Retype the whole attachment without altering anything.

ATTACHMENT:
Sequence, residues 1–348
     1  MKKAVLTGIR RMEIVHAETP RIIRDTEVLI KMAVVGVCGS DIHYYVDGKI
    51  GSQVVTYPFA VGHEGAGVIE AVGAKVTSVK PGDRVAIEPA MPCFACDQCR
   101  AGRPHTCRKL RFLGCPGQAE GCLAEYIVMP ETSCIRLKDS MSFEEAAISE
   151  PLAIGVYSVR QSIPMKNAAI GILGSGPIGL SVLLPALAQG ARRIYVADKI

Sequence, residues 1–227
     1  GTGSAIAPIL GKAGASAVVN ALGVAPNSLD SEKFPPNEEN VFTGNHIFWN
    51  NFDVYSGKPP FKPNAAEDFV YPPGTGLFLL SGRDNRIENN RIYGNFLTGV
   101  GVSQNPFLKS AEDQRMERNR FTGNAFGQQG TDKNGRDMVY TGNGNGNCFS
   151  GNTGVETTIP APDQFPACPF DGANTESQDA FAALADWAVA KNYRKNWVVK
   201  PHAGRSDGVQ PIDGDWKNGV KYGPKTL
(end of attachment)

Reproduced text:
Sequence, residues 1–348
     1  MKKAVLTGIR RMEIVHAETP RIIRDTEVLI KMAVVGVCGS DIHYYVDGKI
    51  GSQVVTYPFA VGHEGAGVIE AVGAKVTSVK PGDRVAIEPA MPCFACDQCR
   101  AGRPHTCRKL RFLGCPGQAE GCLAEYIVMP ETSCIRLKDS MSFEEAAISE
   151  PLAIGVYSVR QSIPMKNAAI GILGSGPIGL SVLLPALAQG ARRIYVADKI

Sequence, residues 1–227
     1  GTGSAIAPIL GKAGASAVVN ALGVAPNSLD SEKFPPNEEN VFTGNHIFWN
    51  NFDVYSGKPP FKPNAAEDFV YPPGTGLFLL SGRDNRIENN RIYGNFLTGV
   101  GVSQNPFLKS AEDQRMERNR FTGNAFGQQG TDKNGRDMVY TGNGNGNCFS
   151  GNTGVETTIP APDQFPACPF DGANTESQDA FAALADWAVA KNYRKNWVVK
   201  PHAGRSDGVQ PIDGDWKNGV KYGPKTL